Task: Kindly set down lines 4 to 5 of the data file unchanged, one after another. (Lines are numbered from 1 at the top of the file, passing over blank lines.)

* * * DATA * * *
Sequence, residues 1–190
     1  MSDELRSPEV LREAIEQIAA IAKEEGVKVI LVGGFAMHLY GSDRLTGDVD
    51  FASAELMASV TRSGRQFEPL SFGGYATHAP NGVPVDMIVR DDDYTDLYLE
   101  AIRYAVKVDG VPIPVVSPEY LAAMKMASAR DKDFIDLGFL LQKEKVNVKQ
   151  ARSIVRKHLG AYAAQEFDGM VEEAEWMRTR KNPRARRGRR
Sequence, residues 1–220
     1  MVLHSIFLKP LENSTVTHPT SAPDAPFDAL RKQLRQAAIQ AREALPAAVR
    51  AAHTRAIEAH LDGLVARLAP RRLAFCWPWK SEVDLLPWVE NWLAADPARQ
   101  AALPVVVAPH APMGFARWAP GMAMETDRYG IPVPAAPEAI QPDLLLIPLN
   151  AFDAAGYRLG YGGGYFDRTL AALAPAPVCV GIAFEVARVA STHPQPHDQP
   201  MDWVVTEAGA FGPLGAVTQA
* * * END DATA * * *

   101  AIRYAVKVDG VPIPVVSPEY LAAMKMASAR DKDFIDLGFL LQKEKVNVKQ
   151  ARSIVRKHLG AYAAQEFDGM VEEAEWMRTR KNPRARRGRR